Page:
Our main argument is about the interval between the position now, when the benefit is not being fully up-rated, and the time when it will be fully up-rated but will be taxed, and that is the particular difficulty which arises, a difficulty I have described as rough justice. I recognise that the Committee feels very strongly on this and I particularly recognise that my noble friend Lord Ingleby and his colleagues, who know a great deal about this subject—far more than I do—feel very strongly about it. I ask my noble friend to accept that we would not have considered these matters if we did not feel that the economic situation of the country was sufficiently serious to justify looking at all parts of Government expenditure for economies. We believe that the social security budget, one-quarter of all Government expenditure, must bear a part of this reduction, and that is why we are introducing the Bill. I hope very much that, with this explanation, the Committee will not accept the amendment or the series which has been linked with it, and will accept my assurance that it is something which the Government believe must be done. That is why we have introduced the Bill and why we cannot at this stage give in to the request to accept the amendment.


I am grateful to the noble Viscount, Lord Ingleby, and the noble Lord, Lord Wallace of Coslany, for their support of the amendment. I regret that the noble Baroness, Lady Young, has not found it possible to support this series of amendments, though I did not think she would because we are not really arguing in this Committee stage, as we so often are in Committee, about the merits of the proposals contained in the legislation. The noble Baroness agrees that the measures are not desirable in themselves and she said the Government would not be pursuing them but for the fact that they think the economic situation demands it. The difference between the two sides of the Committee on this matter is not a question of which is the best way of dealing with the problem of the disabled; it is a division as to whether it really is necessary, given the economic difficulties, to save £55 million from the benefits which are given to the disabled.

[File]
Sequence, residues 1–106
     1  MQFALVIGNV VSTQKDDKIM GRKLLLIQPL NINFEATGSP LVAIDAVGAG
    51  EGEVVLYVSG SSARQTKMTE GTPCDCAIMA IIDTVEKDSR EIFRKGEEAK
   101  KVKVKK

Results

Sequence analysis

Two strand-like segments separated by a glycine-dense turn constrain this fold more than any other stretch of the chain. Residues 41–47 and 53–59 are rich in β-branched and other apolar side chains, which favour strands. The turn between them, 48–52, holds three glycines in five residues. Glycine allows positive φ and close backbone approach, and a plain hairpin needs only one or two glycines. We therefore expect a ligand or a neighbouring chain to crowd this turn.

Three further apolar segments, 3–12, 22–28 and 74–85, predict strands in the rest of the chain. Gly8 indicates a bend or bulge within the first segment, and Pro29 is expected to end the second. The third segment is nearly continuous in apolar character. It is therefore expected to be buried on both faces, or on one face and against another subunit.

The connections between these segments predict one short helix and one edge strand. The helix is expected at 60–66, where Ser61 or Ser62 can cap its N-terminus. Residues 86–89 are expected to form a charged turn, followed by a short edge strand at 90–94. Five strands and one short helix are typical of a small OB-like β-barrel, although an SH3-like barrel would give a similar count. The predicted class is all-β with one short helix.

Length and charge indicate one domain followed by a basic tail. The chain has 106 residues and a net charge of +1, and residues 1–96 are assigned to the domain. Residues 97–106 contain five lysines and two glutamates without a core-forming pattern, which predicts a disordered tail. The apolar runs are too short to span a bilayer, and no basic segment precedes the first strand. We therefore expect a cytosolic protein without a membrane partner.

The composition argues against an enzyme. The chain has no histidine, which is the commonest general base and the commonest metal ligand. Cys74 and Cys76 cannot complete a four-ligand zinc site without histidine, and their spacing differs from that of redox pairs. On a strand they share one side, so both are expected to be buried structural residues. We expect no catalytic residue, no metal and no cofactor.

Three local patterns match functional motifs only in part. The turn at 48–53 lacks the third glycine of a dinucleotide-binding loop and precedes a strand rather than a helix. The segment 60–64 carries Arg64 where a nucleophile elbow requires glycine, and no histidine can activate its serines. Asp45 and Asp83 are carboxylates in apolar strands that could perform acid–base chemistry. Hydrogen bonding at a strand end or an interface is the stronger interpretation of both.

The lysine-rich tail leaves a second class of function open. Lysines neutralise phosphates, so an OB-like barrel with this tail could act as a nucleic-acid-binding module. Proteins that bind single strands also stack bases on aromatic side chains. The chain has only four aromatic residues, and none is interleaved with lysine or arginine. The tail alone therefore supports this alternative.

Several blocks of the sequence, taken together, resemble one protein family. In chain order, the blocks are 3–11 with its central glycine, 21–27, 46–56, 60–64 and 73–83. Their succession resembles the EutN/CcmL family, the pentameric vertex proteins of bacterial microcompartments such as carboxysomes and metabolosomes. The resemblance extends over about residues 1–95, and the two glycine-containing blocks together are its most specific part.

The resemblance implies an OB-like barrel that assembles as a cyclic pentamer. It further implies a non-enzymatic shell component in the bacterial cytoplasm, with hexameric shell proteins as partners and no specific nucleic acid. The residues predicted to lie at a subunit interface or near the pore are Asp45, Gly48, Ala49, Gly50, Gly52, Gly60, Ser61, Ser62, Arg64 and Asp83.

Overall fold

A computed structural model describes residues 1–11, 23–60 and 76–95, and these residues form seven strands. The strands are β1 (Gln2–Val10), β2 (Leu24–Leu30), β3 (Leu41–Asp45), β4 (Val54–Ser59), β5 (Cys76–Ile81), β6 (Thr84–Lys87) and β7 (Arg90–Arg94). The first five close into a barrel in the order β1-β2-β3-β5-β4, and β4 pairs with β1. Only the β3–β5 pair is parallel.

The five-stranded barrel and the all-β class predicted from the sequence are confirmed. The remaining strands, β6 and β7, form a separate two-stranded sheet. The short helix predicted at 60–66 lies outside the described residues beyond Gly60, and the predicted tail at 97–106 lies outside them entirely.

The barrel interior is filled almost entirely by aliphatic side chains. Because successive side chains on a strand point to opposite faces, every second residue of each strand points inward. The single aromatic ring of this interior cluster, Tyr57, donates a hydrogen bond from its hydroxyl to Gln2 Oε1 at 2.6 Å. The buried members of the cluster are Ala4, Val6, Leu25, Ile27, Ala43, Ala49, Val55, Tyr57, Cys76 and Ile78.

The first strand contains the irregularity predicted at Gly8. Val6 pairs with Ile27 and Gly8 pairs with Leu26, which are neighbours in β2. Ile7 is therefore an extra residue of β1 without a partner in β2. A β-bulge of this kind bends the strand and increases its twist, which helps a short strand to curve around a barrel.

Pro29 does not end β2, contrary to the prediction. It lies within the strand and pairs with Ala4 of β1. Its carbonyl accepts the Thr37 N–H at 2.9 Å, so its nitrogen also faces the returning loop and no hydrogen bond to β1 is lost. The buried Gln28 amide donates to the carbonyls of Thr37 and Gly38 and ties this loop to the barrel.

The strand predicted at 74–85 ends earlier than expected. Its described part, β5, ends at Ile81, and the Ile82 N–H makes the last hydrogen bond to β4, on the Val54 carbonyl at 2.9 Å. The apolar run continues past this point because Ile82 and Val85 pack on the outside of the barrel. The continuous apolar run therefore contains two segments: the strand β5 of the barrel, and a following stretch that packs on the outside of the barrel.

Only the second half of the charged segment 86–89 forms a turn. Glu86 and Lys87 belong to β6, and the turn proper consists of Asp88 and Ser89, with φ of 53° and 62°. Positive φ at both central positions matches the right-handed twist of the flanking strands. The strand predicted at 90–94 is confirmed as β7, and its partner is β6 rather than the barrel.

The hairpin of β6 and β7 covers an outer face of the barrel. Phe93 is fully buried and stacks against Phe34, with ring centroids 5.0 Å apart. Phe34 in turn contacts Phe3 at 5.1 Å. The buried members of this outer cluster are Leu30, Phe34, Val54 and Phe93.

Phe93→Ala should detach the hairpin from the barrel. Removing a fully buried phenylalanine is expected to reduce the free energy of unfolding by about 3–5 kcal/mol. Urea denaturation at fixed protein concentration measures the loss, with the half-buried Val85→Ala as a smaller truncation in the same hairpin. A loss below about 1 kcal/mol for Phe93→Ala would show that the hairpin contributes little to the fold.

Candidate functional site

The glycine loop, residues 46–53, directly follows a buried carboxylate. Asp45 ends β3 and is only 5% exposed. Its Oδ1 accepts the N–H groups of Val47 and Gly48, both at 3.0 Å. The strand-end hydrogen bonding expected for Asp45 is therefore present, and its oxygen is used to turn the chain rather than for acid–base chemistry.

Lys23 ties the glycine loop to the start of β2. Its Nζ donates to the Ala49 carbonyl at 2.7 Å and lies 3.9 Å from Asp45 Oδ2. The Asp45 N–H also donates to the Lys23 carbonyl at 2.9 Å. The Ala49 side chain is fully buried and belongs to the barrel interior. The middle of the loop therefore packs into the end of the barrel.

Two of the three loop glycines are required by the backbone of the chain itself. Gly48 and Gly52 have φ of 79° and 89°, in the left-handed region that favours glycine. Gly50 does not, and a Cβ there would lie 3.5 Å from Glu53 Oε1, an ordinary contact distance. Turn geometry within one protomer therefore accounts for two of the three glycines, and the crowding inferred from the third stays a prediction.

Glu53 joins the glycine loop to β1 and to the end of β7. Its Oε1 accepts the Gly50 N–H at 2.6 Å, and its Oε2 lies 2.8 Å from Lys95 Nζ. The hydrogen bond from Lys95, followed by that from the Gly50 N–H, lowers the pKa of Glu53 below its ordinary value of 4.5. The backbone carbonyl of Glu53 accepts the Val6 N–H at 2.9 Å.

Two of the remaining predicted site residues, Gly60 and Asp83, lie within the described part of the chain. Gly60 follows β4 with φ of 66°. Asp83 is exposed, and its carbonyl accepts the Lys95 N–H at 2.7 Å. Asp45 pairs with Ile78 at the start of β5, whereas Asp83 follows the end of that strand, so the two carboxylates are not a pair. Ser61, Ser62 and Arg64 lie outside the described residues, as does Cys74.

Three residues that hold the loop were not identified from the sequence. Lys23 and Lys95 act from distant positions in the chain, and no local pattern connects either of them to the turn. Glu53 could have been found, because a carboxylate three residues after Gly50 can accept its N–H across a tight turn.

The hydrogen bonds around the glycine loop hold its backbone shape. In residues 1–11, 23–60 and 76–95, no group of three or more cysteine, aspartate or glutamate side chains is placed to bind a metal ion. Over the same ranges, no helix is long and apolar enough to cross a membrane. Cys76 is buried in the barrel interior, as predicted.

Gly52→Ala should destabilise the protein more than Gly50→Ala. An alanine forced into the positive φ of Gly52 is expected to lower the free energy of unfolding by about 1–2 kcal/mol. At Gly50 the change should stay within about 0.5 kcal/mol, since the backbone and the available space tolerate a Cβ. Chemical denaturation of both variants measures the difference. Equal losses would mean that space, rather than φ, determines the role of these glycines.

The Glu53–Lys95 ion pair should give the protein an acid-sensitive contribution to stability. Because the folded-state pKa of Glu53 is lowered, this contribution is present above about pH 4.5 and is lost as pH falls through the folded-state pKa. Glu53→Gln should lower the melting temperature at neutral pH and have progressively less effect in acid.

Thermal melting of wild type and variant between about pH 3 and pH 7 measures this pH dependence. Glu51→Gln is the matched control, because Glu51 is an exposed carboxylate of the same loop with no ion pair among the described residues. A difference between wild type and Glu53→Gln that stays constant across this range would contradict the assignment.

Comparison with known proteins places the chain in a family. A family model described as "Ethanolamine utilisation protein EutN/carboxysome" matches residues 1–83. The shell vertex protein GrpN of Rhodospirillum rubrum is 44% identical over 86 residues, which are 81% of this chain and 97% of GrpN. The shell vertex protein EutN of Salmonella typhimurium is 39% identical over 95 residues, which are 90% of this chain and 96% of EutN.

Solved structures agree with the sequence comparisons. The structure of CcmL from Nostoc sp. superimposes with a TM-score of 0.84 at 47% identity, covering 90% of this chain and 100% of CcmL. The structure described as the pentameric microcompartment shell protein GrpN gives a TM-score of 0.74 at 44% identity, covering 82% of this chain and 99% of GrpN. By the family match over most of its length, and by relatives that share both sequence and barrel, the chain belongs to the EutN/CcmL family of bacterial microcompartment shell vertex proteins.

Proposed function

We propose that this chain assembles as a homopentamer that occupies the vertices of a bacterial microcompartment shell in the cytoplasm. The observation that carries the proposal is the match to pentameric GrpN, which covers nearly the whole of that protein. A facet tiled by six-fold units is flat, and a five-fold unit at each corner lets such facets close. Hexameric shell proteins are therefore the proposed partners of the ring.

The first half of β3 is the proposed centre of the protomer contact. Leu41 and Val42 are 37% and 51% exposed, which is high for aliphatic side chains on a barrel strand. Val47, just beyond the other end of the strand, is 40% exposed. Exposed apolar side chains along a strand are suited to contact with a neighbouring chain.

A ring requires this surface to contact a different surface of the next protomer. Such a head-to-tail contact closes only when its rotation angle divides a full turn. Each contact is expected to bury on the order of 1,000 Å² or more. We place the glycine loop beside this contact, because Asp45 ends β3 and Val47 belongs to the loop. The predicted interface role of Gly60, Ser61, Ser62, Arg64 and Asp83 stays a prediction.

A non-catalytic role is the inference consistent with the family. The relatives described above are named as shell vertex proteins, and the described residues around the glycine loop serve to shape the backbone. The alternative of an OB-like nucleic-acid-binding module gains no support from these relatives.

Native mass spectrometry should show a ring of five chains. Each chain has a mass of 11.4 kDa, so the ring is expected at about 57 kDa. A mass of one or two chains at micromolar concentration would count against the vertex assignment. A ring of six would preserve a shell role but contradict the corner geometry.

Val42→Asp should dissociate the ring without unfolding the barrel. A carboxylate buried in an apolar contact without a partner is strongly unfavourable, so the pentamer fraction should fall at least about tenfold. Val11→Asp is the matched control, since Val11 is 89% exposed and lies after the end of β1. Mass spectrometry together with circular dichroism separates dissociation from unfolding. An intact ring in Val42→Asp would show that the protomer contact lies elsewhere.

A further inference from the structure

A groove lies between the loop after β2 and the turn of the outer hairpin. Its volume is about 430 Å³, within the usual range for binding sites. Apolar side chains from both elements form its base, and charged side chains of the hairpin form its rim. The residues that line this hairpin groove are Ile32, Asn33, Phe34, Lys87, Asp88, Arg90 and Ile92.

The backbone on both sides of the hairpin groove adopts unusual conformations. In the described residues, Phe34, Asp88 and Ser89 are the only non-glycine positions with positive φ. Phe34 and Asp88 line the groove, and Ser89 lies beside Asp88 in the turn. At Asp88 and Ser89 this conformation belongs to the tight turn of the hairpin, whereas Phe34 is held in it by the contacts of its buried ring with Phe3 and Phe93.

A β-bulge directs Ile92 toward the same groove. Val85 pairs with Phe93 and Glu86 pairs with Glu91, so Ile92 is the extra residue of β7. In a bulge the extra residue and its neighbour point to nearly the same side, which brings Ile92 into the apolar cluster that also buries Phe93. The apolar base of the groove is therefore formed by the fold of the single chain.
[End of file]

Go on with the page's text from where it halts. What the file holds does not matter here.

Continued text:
Earlier today and at some length on Second Reading we argued about that, and a very strong case was put forward to reject the economic argument which the Government adduced. It would not be appropriate on this amendment to launch into that again, and, since there is no division between us and the noble Baroness on the question of the merits of the proposals, which neither she nor we like, the only thing we can do is test the

opinion of the Committee to see whether it is the feeling of noble Lords that we must raise this £55 million by reducing the benefits which are paid to the disabled.

6.39 p.m.

On Question, Whether the said amendment (No. 7) shall be agreed to?

Their Lordships divided: Contents, 65; Not Contents, 83.

Amherst, E.[Teller.] Gladwyn, L. Ogmore, L.
Ardwick, L. Goronwy-Roberts, L. Oram, L.
Bacon, B. Hale, L. Peart, L.
Banks, L. Hatch of Lusby, L. Pitt of Hampstead, L.
Beswick, L. Houghton of Sowerby, L. Ritchie-Calder, L.
Birk, B. Hylton-Foster, B. Ross of Marnock, L.
Blease, L. [Teller.] Ingleby, V. Stamp, L.
Blyton, L. Jacques, L. Stewart of Alvechurch, B.
Boston of Faversham, L. Kilbracken, L. Stewart of Fulham, L.